Mark Phillips writes:
> > > P.S. I have also tried Hugin, which I could not get to work,
[ ... ]
> I had a lot of trouble creating the points. I installed Hugin from the
> Debian respositories (v 2010.0.0.5045) and out of the box I got the error
> message about the non-free point calculating module. I then installed
I've found, with Hugin, that either it does brilliantly in automatic
mode, finding all the control points and doing all the stitching on
its own, or else it fails miserably for no obvious reason and
recovering and making it work is quite tricky. I seldom hit cases
where setting manual control points makes that much difference,
even when the control points it chose seem poorly placed.
One failure mode I see a lot turned out to be just the projection:
it stitched all the images reasonably but then smushed the result up
against the top so you couldn't see anything. I ended up upgrading
to a newer version at http://www.tatteredmoons.org/hugin/deb
which gave me more options for recovery, but it still ended up being
more trouble than it was worth in a lot of cases.
I wrote a couple of articles on on it that might help:
> Your shadow on the seam is caused by a general color mismatch between
> the right part of the left image and the left part of the right one.
> Creating panoramas requires to set the camera in manual mode to make
> sure it won't change exposure parameters between the various shots. And
"Requires" is a bit strong -- I've stitched lots of panoramas from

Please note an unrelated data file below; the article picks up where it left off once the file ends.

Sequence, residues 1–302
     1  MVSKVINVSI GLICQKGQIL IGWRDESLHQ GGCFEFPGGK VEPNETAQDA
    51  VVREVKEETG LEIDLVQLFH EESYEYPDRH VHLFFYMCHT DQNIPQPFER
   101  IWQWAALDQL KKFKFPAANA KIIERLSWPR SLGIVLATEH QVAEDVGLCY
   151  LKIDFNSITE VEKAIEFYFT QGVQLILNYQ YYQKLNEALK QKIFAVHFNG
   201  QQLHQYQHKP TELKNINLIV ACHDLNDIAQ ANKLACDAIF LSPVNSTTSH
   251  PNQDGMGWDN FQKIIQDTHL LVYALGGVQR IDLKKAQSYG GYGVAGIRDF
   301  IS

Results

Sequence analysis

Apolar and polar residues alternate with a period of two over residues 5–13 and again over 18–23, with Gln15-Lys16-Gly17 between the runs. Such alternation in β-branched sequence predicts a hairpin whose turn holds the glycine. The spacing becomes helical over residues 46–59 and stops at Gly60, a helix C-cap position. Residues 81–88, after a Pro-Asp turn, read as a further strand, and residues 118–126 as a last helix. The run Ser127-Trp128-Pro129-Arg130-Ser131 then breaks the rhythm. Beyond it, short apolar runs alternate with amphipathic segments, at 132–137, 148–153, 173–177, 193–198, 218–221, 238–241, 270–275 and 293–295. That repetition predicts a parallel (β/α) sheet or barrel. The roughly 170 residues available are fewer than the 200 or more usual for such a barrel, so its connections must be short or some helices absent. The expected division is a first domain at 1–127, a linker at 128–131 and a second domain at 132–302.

handheld auto-exposed sets. It certainly makes it easier.
But if you (Mark) have the layer masks in place, you shouldn't get
a sharp vertical band where two images meet -- the gradient in the
layer mask should take care of that. So it might be worth checking
your layer masks (e.g. alt-click on the mask's thumbnail, or use
Show Layer Mask) to make sure the gradient is really where you expect.
For instance, you can see the sky change color about 1/3 from the left in
but it's not a sharp band because of the layer mask gradient.
Sometimes it helps to make the gradient wider, or to take a big
fuzzy brush and paint some grey to make the two areas merge more
smoothly. If it's just one image causing the problem, you can use
Brightness/Contrast, Levels or Curves on it to make it better match
the image next to it; but in a panorama with a lot of images, that
gets tedious fast if you want them all to match, and you still end
up with color changes like in my confluence pan.
> To make it short, assembling panoramas in Gimp is a lot of hard work.
[ ... ]
> Invest you time in making Hugin work. This will be a lot more rewarding
> in the end.
I've found that I can usually get reasonably okay looking panoramas
from GIMP without too much work, just some fiddling with the
gradients and a little hand painting in the mask. But they're not
perfect, and I do agree, Hugin does a much better job than you'll
get with GIMP. And when Hugin works, it's super easy. These days,
I always try Hugin first for panoramas, and I only fall back on GIMP
for the occasional set that Hugin won't handle.
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